Before splitting the case in half or removing the end cap, I took some time to move the rack center from lock to lock without the servo on the rack, and noticed the resistance and effort needed to move it.
You can see the left and right side pressure ports on the rack housing in the picture bellow, where the rack center seal sits between when it is inside the housing. I didn't want to remove the collar completely, because it looked as though it played a decent role in centering the center shaft in the housing of the entire rack assembly. Moving the rack center by hand was so much easier now compared to when it was just air with the seal intact. I didn't need to create a perfect high pressure seal, since there is no fluid in the rack anymore. I may have just been feeling a bit biased, but I thought it was a tiny bit easier with the ports open and not having to move the air in the center of the rack from the left to the right side of the cylinder through the v-cuts I made. Its no worse than any other car that i have driven with manual steering, but I would love to tighten it up some more.
Its been many years since I hard to start from zero and get the car to start with the computer, so I want to really get comfortable with the program. The main force of steering is taken by the fluid and the spring steel is just to dampen the steering feel a little.
The plastic on the trim piece was also cracked in several sections, being dried out and shrinking over the stainless body. While this wasn't directly an issue now, you can pull the rubber with your fingers and see this gap propagate. While it looked great at first, after a few hours the sealant began to curdle and develop pockets in the finish. Once the RTV cured, I gave the rubber a bit of a tug and was happy to see it was really stuck and secured to the body of the trim. While the paint has held up ok with a waxing each year, the soft enamel was scarred from bugs and other debris hitting the mirrors and being washed off.
I started sanding the housings with 400 grit, but noticed the under layers were being a pain to sand out nicely. I decided to go with a 95' 4-runner aluminum brake master cylinder with tandem reservoir inputs, since it was available for a great price brand new and has been proven already to be a direct fit on the brake booster.
It ends up that the mounting footprint, and the overall clutch rod length and clevis geometry is indeed the same as the MKII, and they are easily interchangeable. It is getting to the point with these cars that finding better condition trim and parts is either too difficult, expensive, or impossible.
And recently this winter, I wasn't very careful when pushing the Supra into the garage and inadvertently bumped the car into an empty engine stand. This was a first test for me, since I didn't know if the solvent would be compatible with the plastic the housings were made of.
You use a needle on the bottom to pierce the activator cylinder inside the can and mix the activator with the clear. This clear can easily be sanded and buffed to a glass finish, but I was really happy with the finish right from the can. After noticing and reading up on how this is not really the proper way to run a de-powered rack that was previously powered, I drained all the fluid I could out of the rack and just kept the lines looped together. I also tried a few variations of blocking the left and right pressure ports and moving it, keeping them open and moving it, blocking one and moving it, and looping the ports together.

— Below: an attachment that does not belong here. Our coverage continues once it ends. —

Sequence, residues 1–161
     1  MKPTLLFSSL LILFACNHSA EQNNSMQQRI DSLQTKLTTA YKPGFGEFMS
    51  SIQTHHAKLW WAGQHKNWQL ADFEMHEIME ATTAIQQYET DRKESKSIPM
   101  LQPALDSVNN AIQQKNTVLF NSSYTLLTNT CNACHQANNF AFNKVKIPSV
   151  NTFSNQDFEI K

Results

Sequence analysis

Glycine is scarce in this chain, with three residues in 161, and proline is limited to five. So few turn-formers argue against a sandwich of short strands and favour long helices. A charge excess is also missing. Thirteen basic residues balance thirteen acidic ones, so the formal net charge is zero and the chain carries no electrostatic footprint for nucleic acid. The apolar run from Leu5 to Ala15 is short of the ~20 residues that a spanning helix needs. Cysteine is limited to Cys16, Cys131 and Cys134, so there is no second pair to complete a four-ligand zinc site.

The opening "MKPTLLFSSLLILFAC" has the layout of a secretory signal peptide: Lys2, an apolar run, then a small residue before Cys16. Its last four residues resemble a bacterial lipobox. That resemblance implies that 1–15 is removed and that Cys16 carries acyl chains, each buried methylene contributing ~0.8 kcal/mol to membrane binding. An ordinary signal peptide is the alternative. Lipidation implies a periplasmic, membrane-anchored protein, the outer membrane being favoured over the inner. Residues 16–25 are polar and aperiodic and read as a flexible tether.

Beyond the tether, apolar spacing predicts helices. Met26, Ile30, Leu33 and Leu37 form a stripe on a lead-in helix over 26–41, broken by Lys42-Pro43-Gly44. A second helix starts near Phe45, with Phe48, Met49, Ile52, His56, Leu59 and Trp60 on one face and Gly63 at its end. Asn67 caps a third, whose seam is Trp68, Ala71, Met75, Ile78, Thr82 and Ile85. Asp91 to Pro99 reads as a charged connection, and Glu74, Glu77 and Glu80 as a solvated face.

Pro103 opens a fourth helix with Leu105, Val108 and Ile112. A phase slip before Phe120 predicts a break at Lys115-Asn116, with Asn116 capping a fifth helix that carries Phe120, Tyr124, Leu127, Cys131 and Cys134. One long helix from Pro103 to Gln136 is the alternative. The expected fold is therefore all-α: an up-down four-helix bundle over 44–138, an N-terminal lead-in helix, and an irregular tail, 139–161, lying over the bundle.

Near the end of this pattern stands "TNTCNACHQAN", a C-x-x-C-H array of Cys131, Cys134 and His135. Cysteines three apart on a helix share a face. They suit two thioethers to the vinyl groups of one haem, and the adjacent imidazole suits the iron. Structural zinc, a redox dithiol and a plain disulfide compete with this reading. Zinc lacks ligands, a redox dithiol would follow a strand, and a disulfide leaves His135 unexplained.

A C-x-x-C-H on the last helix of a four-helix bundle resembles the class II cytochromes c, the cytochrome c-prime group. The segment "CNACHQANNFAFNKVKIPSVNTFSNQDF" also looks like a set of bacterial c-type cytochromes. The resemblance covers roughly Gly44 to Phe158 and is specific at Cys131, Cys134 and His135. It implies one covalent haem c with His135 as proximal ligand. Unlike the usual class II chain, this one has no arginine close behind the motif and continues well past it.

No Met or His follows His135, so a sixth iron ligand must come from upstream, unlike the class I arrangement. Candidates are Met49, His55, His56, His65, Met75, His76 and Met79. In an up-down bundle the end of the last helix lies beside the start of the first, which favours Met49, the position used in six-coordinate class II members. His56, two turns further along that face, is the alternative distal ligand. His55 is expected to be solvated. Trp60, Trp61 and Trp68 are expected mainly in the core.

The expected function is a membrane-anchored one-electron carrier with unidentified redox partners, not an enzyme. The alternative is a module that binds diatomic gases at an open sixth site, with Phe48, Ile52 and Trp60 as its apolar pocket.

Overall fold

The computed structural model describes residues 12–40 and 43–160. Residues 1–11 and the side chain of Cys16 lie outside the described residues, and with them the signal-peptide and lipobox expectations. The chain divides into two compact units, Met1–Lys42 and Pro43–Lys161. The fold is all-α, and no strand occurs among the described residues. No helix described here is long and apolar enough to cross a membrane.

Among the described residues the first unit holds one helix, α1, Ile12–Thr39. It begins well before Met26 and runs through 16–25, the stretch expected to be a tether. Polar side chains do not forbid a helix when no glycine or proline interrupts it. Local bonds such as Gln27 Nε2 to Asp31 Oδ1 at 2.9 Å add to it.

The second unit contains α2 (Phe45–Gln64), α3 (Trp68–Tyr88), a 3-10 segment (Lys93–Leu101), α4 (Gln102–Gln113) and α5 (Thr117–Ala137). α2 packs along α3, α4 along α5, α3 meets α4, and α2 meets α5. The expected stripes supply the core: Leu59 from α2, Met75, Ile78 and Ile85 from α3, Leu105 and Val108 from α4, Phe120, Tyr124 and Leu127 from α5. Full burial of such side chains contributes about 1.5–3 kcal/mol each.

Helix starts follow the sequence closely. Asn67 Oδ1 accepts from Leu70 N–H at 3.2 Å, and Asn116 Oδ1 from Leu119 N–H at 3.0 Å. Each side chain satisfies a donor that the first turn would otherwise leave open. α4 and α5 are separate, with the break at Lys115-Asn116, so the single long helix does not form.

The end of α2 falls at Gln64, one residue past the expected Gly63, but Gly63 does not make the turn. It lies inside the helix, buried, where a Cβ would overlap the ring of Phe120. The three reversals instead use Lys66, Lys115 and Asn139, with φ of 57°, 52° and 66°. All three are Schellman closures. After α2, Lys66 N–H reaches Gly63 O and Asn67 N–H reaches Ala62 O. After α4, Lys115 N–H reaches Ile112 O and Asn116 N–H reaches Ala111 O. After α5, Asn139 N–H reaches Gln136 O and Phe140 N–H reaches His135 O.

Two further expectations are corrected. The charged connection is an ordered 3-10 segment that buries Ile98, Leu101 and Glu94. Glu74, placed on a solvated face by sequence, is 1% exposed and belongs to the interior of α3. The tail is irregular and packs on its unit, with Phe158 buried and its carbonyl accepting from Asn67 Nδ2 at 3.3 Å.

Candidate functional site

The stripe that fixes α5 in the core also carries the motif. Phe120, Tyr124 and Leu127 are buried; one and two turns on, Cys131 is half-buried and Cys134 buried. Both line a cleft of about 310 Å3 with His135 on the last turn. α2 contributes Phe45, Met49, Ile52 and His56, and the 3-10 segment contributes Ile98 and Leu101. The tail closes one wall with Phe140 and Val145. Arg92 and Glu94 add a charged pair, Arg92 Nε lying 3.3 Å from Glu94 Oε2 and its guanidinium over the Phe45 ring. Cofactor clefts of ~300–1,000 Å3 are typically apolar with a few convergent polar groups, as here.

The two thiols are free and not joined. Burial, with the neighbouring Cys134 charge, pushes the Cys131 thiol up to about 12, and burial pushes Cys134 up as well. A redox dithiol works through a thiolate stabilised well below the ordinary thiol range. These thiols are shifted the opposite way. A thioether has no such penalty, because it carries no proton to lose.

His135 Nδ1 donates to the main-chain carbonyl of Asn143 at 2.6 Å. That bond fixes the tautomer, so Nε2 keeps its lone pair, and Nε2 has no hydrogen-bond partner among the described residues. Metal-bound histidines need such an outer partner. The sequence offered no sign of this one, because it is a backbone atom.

The supplied pressurized fluid is fed into either the left or right side pressure port and applies pressure the center seal in order to effortlessly move the center of the rack in the desired direction.
The only other things that would really hold the rack center concentric to the housings were the two oil seals at either end, and the tightened down section of the rack housing where the servo mounts. I was really pleased with how much more efficient the assembly was to move from lock to lock with the little I had to push. With no fluid this can feel like slop, plus im worried if the rod did snap you are left with no steering. I'm sure that spring steel section does help dampen things, but it surely would be best to weld it solid for safety and live with the steering feel. A few friends on the Supra forums gave me some great advice, and always told me to just park and cover the car, and walk away for a while if you have to. It really is these small details that make a huge difference in the overall presentation of a car. After giving up my 2 year search for a set of NOS trim since Toyota discontinued these pieces, I finally bought an ok set from a member here with good rubber on the body. I even tried to seal a strip or rubber to the plastic to see how strong and flexible the bond was. My silicone line wasn't as perfectly even as I wanted from running my finger down and smoothing the bead, but the black RTV blends right into the trim and almost disappears. I decided to whip out the DA sander and knock down the housings to clean plastic as a good fresh start. I then primed and based it with Dupilcolor engine enamels, and cleared it with the activated clear at the same time as the mirrors.